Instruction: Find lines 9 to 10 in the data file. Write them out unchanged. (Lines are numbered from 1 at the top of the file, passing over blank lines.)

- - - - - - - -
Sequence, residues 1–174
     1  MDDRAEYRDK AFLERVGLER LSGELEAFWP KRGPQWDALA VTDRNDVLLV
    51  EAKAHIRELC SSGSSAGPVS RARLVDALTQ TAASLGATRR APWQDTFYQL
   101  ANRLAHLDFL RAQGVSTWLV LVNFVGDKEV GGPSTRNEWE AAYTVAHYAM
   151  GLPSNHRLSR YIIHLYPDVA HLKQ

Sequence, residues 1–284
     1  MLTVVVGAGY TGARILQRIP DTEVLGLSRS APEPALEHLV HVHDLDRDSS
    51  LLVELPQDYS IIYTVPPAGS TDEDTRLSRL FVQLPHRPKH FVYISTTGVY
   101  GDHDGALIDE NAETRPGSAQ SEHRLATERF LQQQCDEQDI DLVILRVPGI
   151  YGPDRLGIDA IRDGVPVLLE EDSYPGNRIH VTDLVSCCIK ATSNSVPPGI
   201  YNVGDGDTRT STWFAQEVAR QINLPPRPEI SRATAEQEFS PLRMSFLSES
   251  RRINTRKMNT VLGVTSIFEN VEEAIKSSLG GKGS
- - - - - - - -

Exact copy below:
   101  GDHDGALIDE NAETRPGSAQ SEHRLATERF LQQQCDEQDI DLVILRVPGI
   151  YGPDRLGIDA IRDGVPVLLE EDSYPGNRIH VTDLVSCCIK ATSNSVPPGI